not to waver under pressure from the government. "The
University of Idaho is not about to lay down on this one like
other schools," said Terry Armstrong, UI director of student
services. UI officials say that the school should not have to
repay the difference because students and financial aid
officers misunderstood what information the government
wanted. Stacy Burr, Argonaut, U. of Idaho

By Robin Street
The Daily Mississippian
U. of Mississippi
To hear students talk, you'd think
there's a new kind of drug on campus.
It makes you feel so good, they say. It
somehow gives you energy and relaxes
you at the same time.
You don't swallow it, smoke it or in-
hale it. Instead, you earn it through ex-
ercise.
Although it is not a traditional happy
hour, many students declare that their
exercise hour makes them a lot happier.
Although they may not know the speci-
fic reasons why, they are correct.
"Studies have shown that regular
aerobic exercise is a natural muscle re-
laxant, promotes sound sleep, alleviates
depression and enhances self-respect,"
said Dr. Stan O'Dell, chairman of the U.
of Mississippi psychology department.
"If I didn't do it, I would
probably go crazy."
- DAWN REESE
"It also reduces anxiety levels and helps
the body better cope with stress."
In addition to stress relief, aerobic ex-
ercise (exercise that uses oxygen) such
as walking, running, swimming, cycling
or aerobic dancing, performed for at
least 20 minutes three times a week,
has real physical benefits. Those be-
nefits include promoting weight loss or
maintenance and building a stronger

heart, lungs and overall fitter body that
fatigues less easily.
"If I didn't do it, I would probably go
crazy," said Dawn Reese, a graduate
student in clinical psychology who exer-
cises several times per week. "That's my
time for me. I set aside time. I look at it
as keeping myself emotionally healthy.
It relieves stress and tension. "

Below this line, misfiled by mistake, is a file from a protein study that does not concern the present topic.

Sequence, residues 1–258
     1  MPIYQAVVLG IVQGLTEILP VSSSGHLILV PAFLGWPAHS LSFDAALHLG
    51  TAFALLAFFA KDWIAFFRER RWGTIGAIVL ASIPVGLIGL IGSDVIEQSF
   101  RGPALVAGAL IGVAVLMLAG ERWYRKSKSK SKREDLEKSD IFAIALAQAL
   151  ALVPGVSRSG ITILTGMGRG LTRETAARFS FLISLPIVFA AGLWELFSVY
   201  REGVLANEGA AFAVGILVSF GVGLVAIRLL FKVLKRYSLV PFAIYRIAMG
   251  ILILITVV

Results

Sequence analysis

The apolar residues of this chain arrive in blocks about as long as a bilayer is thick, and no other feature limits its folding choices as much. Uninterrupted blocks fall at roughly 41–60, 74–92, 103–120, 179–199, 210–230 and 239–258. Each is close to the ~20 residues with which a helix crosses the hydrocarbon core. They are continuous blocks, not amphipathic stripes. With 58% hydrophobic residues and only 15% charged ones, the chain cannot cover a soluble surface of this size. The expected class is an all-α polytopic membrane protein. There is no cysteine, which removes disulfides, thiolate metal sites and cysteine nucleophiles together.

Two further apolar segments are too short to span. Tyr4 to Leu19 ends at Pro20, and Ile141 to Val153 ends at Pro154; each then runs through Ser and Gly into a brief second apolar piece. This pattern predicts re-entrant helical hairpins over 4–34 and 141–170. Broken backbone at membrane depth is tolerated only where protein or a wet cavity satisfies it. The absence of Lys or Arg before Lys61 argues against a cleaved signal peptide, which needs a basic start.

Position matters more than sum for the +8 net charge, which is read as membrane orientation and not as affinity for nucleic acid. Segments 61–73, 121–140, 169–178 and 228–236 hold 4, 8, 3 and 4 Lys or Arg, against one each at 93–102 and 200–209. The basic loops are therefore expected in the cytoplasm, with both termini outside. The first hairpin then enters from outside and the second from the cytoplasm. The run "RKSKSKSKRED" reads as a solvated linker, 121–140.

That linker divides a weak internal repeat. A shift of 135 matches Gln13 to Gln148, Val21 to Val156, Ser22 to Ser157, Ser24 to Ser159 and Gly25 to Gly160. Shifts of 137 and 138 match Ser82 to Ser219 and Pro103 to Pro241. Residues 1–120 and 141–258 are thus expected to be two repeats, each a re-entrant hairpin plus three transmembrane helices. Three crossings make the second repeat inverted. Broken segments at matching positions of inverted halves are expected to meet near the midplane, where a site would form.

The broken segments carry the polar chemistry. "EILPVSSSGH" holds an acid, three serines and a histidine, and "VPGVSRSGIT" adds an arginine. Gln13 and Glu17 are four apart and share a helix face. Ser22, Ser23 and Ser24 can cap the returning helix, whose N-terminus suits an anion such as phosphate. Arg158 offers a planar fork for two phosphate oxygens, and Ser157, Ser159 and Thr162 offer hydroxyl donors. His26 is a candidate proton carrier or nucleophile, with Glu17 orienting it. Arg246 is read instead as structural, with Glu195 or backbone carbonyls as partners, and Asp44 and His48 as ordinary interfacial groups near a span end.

If it feels so good, why isn't everyone
doing it? Most likely, a student lacks the
time, motivation or information.
"If students do not exercise, it's be-
cause they are not in tune with the be-
nefits of exercise or because they don't
have the time," said Steve Smith, a
health club owner who began his cham-
pionship bodybuilding career while in
college. "I can remember when I
couldn't work out because I had to study
so much."
"For lots of people it's their time
alone, but it's at a different level,"said
Jerome Burt, a former 236-pound, over-
weight, out-of-shape sophomore who
now teaches fitness.
Realistically, the time and effort in-
volved in exercise may prevent it from
ever completely replacing the tradition-
al happy hour. But Jay Harris, a junior
who has been running for about eight
years, may have it figured out.
"I guess a lot of people would rather
sit in the sun and drink beer than go get
all hot and sweaty," Harris said. "But
the way I look at it, if you stay in shape,
you can afford to drink a little bit more
beer and sit around a little bit more."

Tuition refunds on the way ... Northern
Michigan U. 's Board of Control recently met to change
April's 14.6 percent tuition rise to 9.9 percent in support of
Gov. James Blanchard's wish to keep tuition low in Michi-
gan. President James Appleberry said he wants to begin
processing student refunds even though the tuition de-
crease has not been formally approved. Donna Pearre, vice
president of student affairs, said, "A quick response by the
university will also help students who are finalizing their